The Little Trick I Use to Repurpose Plastic Container Lids Makes Cooking More Sustainable

published Apr 20, 2022
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Credit: Cathy Pyle

The kitchen generates more useful “garbage” than anywhere else in the house. 

Let me tell you what I mean. Glass jars can be washed out and repurposed for pantry storage — I like to put popcorn kernels and dry beans in mine — or to store homemade goods like salad dressing. Plastic containers, ones that hold foods like sour cream or butter, can be reused to send leftovers home with guests. Cleaning tools can be extended by cutting the corner off a dishwashing sponge and converting it into a cleaning sponge. Even certain food scraps can be put to good use before hitting the compost pile: Eggshells also sharpen blender blades, and a squeezed-out lemon can be steamed in the microwave to help clean its interior or used to scrub salt on a cutting board to deodorize it.

Recently, I happened upon yet another way to extend the life of so-called kitchen trash before it gets tossed in the recycling bin. One of my mom’s biggest rules is that you should always keep your counters clean. If you have a dirty counter, the mess gets multiplied. For example, a carton of milk set down on a counter that’s smeared with guacamole spreads the mess to the inside of the fridge.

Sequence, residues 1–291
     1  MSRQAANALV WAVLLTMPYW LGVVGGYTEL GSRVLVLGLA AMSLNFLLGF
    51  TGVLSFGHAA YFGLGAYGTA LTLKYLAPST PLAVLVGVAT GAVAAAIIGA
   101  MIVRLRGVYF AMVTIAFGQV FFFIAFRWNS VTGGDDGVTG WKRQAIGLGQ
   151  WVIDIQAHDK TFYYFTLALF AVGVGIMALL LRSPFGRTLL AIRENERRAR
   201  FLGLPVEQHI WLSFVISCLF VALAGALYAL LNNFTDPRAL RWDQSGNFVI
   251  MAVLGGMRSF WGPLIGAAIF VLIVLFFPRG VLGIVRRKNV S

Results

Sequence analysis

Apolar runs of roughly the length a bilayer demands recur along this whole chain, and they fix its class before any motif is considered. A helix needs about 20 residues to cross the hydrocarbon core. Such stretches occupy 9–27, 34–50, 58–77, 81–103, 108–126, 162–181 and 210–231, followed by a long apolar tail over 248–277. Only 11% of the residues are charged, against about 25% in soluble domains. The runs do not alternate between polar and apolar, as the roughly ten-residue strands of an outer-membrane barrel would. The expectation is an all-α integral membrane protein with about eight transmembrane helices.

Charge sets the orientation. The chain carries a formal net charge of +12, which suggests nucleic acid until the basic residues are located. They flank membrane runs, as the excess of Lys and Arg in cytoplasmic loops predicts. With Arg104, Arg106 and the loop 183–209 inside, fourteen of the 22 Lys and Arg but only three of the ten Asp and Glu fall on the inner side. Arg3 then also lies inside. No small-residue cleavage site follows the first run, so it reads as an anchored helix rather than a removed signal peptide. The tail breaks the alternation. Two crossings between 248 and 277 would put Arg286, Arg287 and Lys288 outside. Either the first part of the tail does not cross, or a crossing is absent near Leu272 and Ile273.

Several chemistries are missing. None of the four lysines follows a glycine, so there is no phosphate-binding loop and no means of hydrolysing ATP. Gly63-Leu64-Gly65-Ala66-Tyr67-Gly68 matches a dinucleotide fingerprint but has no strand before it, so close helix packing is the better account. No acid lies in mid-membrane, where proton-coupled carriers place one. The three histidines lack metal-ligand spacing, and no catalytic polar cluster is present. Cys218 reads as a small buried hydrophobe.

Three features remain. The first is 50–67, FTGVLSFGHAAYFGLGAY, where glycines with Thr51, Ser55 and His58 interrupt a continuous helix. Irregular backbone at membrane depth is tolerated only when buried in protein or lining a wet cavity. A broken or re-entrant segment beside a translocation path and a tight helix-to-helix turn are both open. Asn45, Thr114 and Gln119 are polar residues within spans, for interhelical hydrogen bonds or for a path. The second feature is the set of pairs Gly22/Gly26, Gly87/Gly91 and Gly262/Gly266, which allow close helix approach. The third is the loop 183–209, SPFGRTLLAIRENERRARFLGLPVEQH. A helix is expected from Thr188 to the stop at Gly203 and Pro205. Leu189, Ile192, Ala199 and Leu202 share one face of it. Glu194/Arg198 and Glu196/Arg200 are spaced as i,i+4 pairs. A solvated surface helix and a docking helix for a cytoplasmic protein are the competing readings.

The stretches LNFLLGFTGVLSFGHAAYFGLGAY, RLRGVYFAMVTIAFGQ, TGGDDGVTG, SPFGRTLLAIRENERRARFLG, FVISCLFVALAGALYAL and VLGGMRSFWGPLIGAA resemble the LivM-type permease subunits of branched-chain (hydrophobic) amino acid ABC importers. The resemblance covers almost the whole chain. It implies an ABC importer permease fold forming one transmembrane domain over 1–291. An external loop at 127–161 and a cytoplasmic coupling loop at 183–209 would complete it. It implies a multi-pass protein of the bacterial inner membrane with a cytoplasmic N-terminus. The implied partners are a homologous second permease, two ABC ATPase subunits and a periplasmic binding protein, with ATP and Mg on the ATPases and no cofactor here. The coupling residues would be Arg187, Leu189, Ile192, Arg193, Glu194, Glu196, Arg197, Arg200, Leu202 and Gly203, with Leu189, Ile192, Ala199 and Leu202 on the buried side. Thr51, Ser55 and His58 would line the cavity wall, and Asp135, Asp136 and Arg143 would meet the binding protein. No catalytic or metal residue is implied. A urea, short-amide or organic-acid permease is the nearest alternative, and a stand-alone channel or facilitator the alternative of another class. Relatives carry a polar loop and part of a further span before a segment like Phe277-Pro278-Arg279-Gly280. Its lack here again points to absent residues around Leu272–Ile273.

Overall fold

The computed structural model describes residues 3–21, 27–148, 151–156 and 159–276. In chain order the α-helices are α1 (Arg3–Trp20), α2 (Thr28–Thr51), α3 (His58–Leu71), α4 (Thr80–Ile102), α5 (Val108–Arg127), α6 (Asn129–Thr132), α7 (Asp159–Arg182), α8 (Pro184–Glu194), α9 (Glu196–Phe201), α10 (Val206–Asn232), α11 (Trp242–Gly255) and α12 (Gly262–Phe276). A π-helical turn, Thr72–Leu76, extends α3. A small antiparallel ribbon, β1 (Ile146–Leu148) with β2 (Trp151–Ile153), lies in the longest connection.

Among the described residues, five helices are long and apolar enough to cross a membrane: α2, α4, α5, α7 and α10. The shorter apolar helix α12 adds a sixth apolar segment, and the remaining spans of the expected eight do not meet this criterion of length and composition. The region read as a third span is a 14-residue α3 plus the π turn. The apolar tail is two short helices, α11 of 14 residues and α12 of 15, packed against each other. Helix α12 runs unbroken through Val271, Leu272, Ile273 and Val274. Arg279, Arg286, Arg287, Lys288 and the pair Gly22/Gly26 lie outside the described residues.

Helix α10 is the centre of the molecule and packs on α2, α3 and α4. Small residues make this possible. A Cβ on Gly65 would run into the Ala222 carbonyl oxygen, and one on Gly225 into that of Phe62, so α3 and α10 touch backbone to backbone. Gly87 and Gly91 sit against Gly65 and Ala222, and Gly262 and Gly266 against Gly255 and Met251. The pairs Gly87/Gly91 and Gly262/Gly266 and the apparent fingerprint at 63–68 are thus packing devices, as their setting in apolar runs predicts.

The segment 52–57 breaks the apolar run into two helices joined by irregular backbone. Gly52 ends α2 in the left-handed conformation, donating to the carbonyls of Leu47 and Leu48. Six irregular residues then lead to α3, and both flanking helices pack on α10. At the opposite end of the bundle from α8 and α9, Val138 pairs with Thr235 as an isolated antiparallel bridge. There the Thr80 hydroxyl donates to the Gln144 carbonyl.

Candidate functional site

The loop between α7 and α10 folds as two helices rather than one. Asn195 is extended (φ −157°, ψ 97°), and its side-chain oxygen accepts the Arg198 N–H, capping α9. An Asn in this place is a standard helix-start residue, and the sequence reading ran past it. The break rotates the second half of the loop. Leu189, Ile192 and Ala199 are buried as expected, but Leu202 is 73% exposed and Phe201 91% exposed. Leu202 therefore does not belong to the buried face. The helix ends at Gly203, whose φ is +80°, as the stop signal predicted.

This rule is deeply ingrained in me, so when I cook or bake, I’m always looking around for a plate or a paper towel to set down my tools. I have a spoon rest for when I cook at the stove, but sometimes it’s dirty or already being used for something else. 

Enter my discovery: Plastic container lids are perfect disposable coasters or spoon rests! If you don’t need the container-and-lid set for food storage, then recycle the container right away and hang on to the lid for a little while longer. The plastic lid is the perfect size for resting spoons, measuring cups, or eggshells while you’re cooking or baking. This keeps counters and other surfaces clean — and makes you less likely to reach for things like paper towels to wipe a mess up. When you’re done with the lid, give it a quick rinse and toss it in the recycling bin.

Extending the usefulness of such a small item and cutting down on consumption is exactly the kind of tiny habit that can add up to more sustainable living overall. I’m just glad I thought of it.

This piece is part of Green Week, where we’re talking about ways to make eco-friendly choices and contributions at home. Head over here to read more!